Sam Francis

Untitled, 1984

106.7 X 73 inch

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What is video art?

What is video art?

Art type that comprises of video/audio data and relies heavily on moving pictures. It came into existence late 1960s, early 1970s as a new technology and an emerging consumer video that was available outside the confines of corporate broadcasting. This art can take many forms that include broadcast recordings, installations viewed in museums or galleries, online streamed works, video tapes and performances that incorporate video monitors, television sets and projections that display sounds or images live or recorded.

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Julian Opie

View from my bedroom window, 2007

Digital Art

Video art

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Julian Opie

View From My Hotel Room, 2008

Limited Edition Print

Video art

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Gary Hill

Commentary , 1980

Digital Art

Video art

EUR 3,000

Gary Hill

Figuring Grounds, 1985

Digital Art

Video art

EUR 900

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CoBrA

CoBrA stands for Copenhagen, Brussels and Amsterdam; this group was formed with a desire to break away from the then existing movements. The Western society criticisms made it experimentally evolve to become a reputable international movement. CoBrA was started by Karel Appel, Joseph Noiret, Corneille, Christian Dotremont, Constant and Asger Jorn on November 8th 1948 at Notre Dame Cafe, Paris where its manifesto was signed. Their unifying factor was the need for freedom of both form and color and their working was based on experiment and spontaneity.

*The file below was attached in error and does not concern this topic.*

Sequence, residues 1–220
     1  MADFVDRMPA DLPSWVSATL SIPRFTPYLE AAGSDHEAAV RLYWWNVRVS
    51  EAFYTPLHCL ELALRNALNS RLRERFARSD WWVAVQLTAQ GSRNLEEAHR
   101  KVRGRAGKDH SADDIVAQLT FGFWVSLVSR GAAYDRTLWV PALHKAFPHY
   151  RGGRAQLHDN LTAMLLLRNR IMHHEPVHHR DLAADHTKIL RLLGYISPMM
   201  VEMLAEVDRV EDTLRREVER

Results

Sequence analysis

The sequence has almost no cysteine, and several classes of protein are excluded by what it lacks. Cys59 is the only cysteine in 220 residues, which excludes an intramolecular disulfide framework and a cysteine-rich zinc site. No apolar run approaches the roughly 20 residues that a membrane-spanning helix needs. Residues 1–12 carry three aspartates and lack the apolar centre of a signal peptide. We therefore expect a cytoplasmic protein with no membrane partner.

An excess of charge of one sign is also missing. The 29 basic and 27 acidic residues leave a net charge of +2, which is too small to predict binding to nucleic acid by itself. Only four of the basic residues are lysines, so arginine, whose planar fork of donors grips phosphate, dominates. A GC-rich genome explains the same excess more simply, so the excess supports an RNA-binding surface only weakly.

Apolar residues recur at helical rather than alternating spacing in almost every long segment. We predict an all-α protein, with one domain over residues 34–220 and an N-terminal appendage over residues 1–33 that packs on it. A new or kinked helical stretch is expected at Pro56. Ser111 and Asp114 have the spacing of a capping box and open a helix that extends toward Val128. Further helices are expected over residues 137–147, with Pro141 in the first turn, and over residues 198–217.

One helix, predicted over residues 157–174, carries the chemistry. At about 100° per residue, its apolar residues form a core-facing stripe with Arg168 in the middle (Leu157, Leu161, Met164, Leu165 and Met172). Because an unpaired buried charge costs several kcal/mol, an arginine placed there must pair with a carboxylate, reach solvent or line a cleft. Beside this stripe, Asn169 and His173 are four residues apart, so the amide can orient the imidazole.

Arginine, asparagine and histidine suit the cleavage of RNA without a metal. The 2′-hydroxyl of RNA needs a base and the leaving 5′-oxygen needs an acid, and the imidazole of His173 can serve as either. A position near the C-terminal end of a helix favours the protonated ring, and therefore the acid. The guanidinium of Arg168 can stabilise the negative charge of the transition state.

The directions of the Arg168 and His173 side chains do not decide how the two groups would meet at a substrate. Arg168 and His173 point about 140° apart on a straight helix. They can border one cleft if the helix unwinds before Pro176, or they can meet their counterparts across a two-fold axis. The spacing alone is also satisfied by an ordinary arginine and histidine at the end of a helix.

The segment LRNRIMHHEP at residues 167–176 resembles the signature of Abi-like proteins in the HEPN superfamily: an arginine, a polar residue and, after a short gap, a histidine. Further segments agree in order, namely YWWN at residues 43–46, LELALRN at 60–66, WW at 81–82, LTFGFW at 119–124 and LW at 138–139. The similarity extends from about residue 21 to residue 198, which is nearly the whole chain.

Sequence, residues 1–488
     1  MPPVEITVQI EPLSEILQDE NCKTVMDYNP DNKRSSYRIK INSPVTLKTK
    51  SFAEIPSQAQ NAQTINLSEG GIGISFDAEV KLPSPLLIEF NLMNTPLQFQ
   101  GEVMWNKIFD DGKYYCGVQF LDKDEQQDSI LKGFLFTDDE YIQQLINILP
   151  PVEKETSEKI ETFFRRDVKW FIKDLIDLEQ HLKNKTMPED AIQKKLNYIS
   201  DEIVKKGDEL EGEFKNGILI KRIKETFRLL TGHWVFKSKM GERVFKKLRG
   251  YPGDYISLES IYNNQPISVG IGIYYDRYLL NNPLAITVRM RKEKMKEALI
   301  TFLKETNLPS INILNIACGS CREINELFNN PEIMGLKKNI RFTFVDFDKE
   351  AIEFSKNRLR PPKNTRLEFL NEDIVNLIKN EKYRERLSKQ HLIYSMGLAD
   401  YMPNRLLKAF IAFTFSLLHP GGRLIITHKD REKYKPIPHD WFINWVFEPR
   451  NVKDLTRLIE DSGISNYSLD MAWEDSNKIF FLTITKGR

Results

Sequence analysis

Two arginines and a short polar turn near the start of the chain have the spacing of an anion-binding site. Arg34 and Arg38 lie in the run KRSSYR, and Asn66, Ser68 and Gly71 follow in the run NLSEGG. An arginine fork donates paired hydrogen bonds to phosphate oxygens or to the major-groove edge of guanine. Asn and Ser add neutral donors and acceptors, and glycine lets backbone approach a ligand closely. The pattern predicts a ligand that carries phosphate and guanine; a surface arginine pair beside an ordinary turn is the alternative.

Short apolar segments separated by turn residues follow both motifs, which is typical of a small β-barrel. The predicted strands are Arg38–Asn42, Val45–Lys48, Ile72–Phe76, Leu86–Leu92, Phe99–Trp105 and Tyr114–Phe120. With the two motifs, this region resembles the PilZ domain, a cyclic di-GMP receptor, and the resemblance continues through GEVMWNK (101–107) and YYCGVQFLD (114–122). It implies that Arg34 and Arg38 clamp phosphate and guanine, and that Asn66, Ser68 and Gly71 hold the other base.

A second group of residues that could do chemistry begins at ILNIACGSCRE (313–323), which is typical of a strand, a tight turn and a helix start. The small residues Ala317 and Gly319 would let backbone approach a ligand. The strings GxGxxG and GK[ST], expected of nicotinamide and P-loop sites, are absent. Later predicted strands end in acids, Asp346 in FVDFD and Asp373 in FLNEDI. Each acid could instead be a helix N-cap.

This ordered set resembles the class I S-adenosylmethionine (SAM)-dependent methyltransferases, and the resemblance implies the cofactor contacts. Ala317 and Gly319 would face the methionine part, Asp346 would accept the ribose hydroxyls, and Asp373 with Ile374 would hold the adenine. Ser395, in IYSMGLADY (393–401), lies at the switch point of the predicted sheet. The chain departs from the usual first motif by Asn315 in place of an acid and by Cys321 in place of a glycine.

Dau Al Set

This movement was an attempt to show the conscious, as well as the unconscious mind through art. Initially it started off as an offshoot of Surrealism, but grew over time to be much more distinct. Dau Al Set was the first artistic movement in Catalonia post-World War II. The name Dau Al Set translates to "the seventh face of the dice" in Catalan, which is meant to describe the movements character.

New Generation Sculpture

New Generation Sculpture was begun in the 1960s by a group of British artists. Their experiments with forms, materials and colors focused on sculpture which had no conventional bases. Their work used plastic sheeting, fiberglass, and other materials fastened together and brightly painted.

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